Bottom line:  the post-election sentiment inspired economic improvement seems to be fading.  As a result, a return to our prior short term economic forecast is a definite possibility.  Though, if Trump/GOP were to pull off healthcare reform, tax reform and infrastructure spending on a reasonable timely basis, I would suspect that sentiment driven increases in business and consumer spending would be positively affected; and more importantly, our long term secular economic growth rate assumption would almost certainly rise---with the caveat that it doesn’t result in a big increase in the national debt.

For the long term, the Donald’s drive for deregulation and improved bureaucratic efficiency is a decided plus; and as a result, I inched up my estimate of the long term secular growth rate of the economy.  In addition, a more reasoned approach to trade appears to be emerging which would remove a potential negative. 

This week’s data:

(1)                                  housing: March new home sales soared; weekly mortgage applications were up but purchase applications were down; the February Case Shiller home price index was up less than expected: March pending home sales were worse than consensus,

(2)                                  consumer: month to date retail chain store sales growth slowed from the prior week; April consumer confidence and sentiment were below forecast; weekly jobless claims were more than anticipated,

(3)                                  industry: both the headline and ex transportation March durable goods orders were below projections; the March Chicago Fed national activity index was well below estimates while the April Chicago PMI was above; the April Dallas and Richmond Fed manufacturing indices were above consensus while the Kansas City Fed’s was below,

(4)                                  macroeconomic: first quarter GDP was less than expected while the price index and employment cost index were more; the March trade deficit fell but due to a decline in both exports and imports.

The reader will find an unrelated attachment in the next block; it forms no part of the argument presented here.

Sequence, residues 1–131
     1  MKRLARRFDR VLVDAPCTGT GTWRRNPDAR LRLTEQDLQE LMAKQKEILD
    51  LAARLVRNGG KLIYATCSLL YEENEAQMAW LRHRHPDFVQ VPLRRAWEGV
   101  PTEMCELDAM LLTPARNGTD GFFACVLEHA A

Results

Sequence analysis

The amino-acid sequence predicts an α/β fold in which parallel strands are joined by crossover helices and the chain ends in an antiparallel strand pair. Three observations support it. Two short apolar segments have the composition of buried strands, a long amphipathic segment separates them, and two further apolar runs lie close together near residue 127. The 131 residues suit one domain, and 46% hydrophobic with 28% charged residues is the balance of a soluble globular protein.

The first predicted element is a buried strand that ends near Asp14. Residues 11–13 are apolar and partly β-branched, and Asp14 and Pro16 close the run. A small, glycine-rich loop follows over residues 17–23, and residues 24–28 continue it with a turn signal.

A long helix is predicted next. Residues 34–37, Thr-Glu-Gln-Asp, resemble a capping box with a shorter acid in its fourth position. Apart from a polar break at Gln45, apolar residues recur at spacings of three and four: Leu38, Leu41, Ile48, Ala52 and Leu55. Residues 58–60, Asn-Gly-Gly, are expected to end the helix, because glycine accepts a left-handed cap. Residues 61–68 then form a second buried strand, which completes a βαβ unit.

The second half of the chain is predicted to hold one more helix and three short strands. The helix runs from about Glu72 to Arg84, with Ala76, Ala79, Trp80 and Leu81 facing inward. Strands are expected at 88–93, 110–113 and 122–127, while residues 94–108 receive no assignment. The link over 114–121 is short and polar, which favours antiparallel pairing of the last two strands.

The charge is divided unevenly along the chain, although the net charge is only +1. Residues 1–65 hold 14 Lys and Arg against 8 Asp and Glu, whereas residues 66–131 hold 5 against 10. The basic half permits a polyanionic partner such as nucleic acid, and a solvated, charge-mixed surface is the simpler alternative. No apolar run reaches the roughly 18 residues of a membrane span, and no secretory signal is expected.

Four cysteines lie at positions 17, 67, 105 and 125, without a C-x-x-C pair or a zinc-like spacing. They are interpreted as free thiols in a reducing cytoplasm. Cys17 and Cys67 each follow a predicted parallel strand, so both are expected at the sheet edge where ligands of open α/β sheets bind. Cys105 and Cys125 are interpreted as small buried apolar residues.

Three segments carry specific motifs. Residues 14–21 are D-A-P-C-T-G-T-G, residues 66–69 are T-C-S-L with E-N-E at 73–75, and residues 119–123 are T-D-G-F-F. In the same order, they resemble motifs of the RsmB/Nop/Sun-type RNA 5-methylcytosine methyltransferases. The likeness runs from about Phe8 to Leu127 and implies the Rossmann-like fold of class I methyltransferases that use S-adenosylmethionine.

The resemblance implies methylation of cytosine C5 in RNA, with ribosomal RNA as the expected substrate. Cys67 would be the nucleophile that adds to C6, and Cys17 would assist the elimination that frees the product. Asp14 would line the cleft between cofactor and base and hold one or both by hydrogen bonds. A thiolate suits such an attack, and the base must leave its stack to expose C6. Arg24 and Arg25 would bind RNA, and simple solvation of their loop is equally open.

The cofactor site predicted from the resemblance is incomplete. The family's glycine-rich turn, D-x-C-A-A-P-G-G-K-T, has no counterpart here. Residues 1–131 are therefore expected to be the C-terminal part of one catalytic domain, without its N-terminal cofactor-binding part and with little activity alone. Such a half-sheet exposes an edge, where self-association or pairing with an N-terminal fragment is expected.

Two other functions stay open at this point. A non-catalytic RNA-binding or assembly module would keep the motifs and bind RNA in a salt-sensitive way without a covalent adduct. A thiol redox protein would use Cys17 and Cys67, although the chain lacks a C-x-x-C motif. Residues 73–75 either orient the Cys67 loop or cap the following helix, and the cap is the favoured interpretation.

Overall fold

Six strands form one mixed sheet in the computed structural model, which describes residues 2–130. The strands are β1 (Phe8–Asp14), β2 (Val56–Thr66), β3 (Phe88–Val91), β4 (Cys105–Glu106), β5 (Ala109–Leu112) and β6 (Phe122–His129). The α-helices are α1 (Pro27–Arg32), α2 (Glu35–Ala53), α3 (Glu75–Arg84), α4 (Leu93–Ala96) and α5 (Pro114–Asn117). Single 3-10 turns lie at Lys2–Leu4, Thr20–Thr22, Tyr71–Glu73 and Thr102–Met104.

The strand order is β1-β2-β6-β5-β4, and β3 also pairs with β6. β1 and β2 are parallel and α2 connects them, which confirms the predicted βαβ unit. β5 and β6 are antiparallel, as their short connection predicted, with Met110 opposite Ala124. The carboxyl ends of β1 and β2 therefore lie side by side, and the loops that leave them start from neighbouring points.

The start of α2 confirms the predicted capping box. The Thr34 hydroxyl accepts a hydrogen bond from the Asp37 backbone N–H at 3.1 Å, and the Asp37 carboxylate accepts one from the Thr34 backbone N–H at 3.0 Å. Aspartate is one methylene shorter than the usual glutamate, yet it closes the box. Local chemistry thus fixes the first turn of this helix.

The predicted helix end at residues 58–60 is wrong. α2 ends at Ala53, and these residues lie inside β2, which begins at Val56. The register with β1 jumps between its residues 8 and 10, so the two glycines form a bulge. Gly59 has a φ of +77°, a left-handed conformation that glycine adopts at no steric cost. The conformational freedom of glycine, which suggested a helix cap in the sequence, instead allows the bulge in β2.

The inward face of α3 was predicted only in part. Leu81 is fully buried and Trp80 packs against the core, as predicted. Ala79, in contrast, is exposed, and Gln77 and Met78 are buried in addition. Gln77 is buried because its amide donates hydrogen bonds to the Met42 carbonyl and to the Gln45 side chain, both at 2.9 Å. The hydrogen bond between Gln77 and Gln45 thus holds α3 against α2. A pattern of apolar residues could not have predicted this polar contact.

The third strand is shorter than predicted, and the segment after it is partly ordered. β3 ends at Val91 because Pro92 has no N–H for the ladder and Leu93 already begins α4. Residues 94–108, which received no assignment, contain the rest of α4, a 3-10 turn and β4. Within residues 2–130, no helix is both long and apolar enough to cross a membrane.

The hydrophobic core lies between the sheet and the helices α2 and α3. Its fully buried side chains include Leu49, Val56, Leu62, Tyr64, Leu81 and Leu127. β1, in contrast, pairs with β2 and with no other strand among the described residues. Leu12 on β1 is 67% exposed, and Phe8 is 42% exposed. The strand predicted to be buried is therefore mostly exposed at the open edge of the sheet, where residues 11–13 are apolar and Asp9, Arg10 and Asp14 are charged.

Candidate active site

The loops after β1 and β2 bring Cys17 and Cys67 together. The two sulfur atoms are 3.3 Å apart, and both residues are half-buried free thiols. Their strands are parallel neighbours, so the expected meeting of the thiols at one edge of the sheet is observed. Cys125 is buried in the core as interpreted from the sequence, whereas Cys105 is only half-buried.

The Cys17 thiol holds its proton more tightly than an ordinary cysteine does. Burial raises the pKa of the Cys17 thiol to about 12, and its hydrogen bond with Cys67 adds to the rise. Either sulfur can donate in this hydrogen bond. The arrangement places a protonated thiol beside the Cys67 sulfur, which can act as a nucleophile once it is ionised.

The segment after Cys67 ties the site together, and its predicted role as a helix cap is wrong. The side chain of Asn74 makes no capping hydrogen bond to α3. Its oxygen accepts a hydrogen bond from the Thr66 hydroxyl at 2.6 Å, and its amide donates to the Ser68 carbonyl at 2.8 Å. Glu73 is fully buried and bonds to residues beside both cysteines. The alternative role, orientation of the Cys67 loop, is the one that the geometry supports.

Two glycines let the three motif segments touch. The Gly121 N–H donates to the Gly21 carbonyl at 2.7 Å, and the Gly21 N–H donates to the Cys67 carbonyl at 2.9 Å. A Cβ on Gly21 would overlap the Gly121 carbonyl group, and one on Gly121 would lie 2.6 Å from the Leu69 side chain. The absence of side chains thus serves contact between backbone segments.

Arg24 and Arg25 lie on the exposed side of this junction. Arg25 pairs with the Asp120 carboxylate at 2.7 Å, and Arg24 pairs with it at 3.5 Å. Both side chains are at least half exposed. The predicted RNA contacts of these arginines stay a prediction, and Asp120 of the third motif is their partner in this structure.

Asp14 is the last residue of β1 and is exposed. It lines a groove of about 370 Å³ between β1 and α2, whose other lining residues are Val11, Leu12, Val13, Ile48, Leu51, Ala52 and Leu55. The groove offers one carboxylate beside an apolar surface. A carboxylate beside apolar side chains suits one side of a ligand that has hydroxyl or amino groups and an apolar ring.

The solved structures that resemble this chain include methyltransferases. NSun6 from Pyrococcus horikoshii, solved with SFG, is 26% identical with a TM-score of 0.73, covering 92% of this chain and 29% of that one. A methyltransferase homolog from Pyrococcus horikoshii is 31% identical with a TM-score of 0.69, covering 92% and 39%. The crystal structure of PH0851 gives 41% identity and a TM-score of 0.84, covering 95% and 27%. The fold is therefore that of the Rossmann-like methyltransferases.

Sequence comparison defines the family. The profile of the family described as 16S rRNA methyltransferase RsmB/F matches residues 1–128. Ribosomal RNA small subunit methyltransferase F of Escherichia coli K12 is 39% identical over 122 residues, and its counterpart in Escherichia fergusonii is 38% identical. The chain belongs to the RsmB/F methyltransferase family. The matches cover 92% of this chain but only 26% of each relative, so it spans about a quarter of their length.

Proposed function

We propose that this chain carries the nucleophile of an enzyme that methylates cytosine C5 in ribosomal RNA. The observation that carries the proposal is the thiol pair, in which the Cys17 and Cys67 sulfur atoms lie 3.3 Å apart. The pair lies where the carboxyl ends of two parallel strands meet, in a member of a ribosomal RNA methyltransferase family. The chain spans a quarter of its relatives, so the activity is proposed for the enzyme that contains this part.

The Market-Disciplined Investing

The indices (DJIA 20940, S&P 2384) were lower on Friday but not dramatically so.  Volume rose; breadth weakened.  The VIX (10.8) was up 4 ¼ %, but closed below its 100 day moving average (now resistance), below its 200 day moving average (now resistance).  However, it did bounce off of the lower boundaries of its short and intermediate term trading ranges. 
The Dow closed [a] above its 100 day moving average, now support, [b] above its 200 day moving average, now support, [c] in a short term uptrend {19460-21635}, [c] in an intermediate term uptrend {12015-24864} and [d] in a long term uptrend {5751-23390}.

The S&P finished [a] above its 100 day moving average, now support, [b] above its 200 day moving average, now support, [c] within a short term uptrend {2279-2612}, [d] in an intermediate uptrend {2098-2702} and [e] in a long term uptrend {905-2591}.

The long Treasury rose, ending above its 100 day moving average (now support), below its 200 day moving average (now resistance), in a very short term downtrend and in a short term trading range.  It seems to have found support right on the upper boundary of the former trading range that dated back to November 2016.  Fear of Trumpflation seems to have subsided, at least for the moment.
GLD was up, closing above its 100 day moving average (now support), above its 200 day moving average (now support), in a very short term uptrend and in a short term downtrend.  Gold has held in very well in the face of expectations for a stronger economy and higher interest rates.

The dollar fell, ending back below its 200 day moving average (now support; if it remains there through the close on Wednesday, it will revert to resistance), below its 100 day moving averages (now resistance), below the upper boundary of its very short term downtrend and in a short term uptrend.

Bottom line: the indices continued to rest after the strong Monday/Tuesday performance, which is normal and suggests nothing directionally.  Their upside is now being marked by their former highs [21228/2402] and the upper boundaries of their long term uptrends while support on the downside exists at their 100 and 200 day moving averages and the lower boundaries of their short term uptrends. 

While I would expect a challenge of the old highs, the big question in my mind is, will those gap openings which I have mentioned get closed as part of a near term correction (which would clearly be the more positive alternative) or will the Averages continue to rise and it occur on the way down following a Market top?